“It's the probiotic that's the workhorse," she says, continuing, "the probiotics that we chose will help multiply your skin cells - the more cells you produce the healthier your skin will be." And work they do. The three-part regime is as accessible as it is effective, and really affordable. We really admire Ivanjesku's determination to provide better skincare with the very, very best ingredients and can't wait to see what's coming next for LaFlore.
Emanuela DeFalco, founder, Dirty Little Secret Cosmetics
For those who thought subscription boxes were dead, Emanuela DeFalco and her success story, DLS, prove very much to the contrary.
After completing four-year college degree at the insistence of her parents, DeFalco decided to go makeup artistry school, where she gained much of the experience she needed in order to start a beauty brand. Finishing school and creating her halloween look for that year, she wanted to wear a blue lipstick, but could find none in the drugstores or luxury makeup counters that fit the bill. Luckily, her sister - a professional chemist, was able to help her formulate the shade she wanted. It was wearing the lipstick and receiving a tonne of compliments that made her realize she could turn this quick whimsical decision into a business model. Asking her father for a $10,000 loan, she was ready to start her business.
DeFalco was smart enough to realize that a small, cruelty-free Indie brand would not stand up to the powerhouses of MAC or Lauder, so she decided to approach the industry from a completely different, but far-reaching angle, through subscription boxes. Focusing just on lipsticks and highlighters, hers was an easy and accessible sell for the acquisitions departments of some of the most renowned boxes out there.
"Ipsy was the gateway," she says about her first deal. Following her distribution in these boxes, she signed on with five more subscription companies, including Glossybox, and is in the process of securing further deals.
Emanuela De Falco
DLS comes in hot on the heels of the wave that's sweeping the beauty industry - cruelty-free products. When deciding on her manufacturer and testing facility, she was very careful to meet and uphold these standards. Manufacturing in China, there's always a risk of child or slave labor of course. "I flew to China and I made sure the manufacturer was clean, and I met the workers," she says, "I go every year, every November, and I make sure nothing has changed - they're not hiring children, that kind of thing." Testing her products in the US, she ensures that no animals are harmed in the process. We're really looking forward to seeing what the crafty DeFalco comes out with next.
3 Min Read
With a lack of certainty surrounding the future, being and feeling healthy may help bring the security that you need during these unpredictable times.
When it comes to your health, there is a direct relationship between nutrition and physical activity that play an enormous part in physical, mental, and social well-being. As COVID-19 continues to impact almost every aspect of our lives, the uncertainty of the future may seem looming. Sometimes improvisation is necessary, and understanding how to stay healthy and fit can significantly help you manage your well-being during these times.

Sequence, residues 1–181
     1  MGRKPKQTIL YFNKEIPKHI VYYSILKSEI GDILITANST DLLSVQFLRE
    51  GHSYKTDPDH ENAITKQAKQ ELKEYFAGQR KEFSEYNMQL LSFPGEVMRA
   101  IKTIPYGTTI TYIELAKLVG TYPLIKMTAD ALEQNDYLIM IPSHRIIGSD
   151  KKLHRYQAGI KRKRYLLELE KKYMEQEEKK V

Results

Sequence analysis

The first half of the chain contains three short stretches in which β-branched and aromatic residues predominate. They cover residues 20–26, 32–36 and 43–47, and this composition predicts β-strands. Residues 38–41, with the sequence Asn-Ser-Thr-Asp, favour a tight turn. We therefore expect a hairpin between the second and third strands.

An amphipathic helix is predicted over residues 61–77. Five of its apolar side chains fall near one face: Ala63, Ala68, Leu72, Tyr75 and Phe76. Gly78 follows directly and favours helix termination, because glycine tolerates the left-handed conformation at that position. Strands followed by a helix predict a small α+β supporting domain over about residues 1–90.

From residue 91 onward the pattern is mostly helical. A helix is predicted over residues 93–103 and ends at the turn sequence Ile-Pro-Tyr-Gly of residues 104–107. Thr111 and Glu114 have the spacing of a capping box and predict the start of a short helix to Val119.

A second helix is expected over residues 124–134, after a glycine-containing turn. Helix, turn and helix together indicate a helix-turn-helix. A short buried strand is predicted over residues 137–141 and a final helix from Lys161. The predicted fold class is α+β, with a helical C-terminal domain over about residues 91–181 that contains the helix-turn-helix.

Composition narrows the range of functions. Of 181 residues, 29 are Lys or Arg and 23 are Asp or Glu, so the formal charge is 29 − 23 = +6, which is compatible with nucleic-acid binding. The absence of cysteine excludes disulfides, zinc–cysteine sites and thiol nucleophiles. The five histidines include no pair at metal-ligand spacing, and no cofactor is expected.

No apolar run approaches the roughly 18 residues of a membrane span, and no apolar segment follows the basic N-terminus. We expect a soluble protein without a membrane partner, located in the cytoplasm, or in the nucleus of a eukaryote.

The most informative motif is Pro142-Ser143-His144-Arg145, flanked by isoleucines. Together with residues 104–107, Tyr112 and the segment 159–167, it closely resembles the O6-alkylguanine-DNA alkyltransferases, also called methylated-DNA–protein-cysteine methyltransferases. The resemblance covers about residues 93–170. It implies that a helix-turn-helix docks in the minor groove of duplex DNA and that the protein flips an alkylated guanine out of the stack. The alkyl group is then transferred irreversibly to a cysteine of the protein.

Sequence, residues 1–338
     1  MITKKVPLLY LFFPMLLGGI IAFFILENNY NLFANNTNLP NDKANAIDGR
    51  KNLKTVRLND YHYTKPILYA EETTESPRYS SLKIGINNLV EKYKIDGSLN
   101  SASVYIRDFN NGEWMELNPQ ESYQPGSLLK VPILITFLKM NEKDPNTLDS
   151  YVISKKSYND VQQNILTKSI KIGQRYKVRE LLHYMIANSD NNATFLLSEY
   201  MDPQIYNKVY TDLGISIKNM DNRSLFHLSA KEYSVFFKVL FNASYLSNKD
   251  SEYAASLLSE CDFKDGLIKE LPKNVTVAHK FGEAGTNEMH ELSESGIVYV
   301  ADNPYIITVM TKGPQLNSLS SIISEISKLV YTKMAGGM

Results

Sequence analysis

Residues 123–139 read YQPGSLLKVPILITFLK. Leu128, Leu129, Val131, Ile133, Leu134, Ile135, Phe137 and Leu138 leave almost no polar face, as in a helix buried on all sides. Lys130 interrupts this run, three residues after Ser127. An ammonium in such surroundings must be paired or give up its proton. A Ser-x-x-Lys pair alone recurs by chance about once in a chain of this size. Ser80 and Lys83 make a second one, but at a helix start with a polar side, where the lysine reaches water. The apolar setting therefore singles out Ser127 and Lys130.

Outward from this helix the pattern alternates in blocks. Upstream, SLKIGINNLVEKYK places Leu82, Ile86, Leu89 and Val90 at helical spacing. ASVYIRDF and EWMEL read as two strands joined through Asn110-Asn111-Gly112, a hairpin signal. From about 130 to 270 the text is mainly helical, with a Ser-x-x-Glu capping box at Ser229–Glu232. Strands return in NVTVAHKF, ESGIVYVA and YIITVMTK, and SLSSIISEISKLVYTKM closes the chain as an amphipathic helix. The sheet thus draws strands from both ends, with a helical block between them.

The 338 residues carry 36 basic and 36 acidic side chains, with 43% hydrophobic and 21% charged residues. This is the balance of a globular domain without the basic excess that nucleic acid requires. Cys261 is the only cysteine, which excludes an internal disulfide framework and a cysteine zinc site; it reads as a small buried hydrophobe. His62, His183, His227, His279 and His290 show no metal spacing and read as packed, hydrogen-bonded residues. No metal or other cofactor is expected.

Tip 1: Communicate with your current wellness providers and set a plan
Gyms, group fitness studios, trainers, and professionals can help you to lay out a plan that will either keep you on track through all of the changes and restrictions or help you to get back on the ball so that all of your health objectives are met.
Most facilities and providers are setting plans to provide for their clients and customers to accommodate the unpredictable future. The key to remaining consistent is to have solid plans in place. This means setting a plan A, plan B, and perhaps even a plan C. An enormous amount is on the table for this coming fall and winter; if your gym closes again, what is your plan? If outdoor exercising is not an option due to the weather, what is your plan? Leaving things to chance will significantly increase your chances of falling off of your regimen and will make consistency a big problem.
The key to remaining consistent is to have solid plans in place. This means setting a plan A, plan B, and perhaps even a plan C.
Tip 2: Stay active for both mental and physical health benefits
The rise of stress and anxiety as a result of the uncertainty around COVID-19 has affected everyone in some way. Staying active by exercising helps alleviate stress by releasing chemicals like serotonin and endorphins in your brain. In turn, these released chemicals can help improve your mood and even reduce risk of depression and cognitive decline. Additionally, physical activity can help boost your immune system and provide long term health benefits.
With the new work-from-home norm, it can be easy to bypass how much time you are spending sedentary. Be aware of your sitting time and balance it with activity. Struggling to find ways to stay active? Start simple with activities like going for a walk outside, doing a few reps in exchange for extra Netflix time, or even setting an alarm to move during your workday.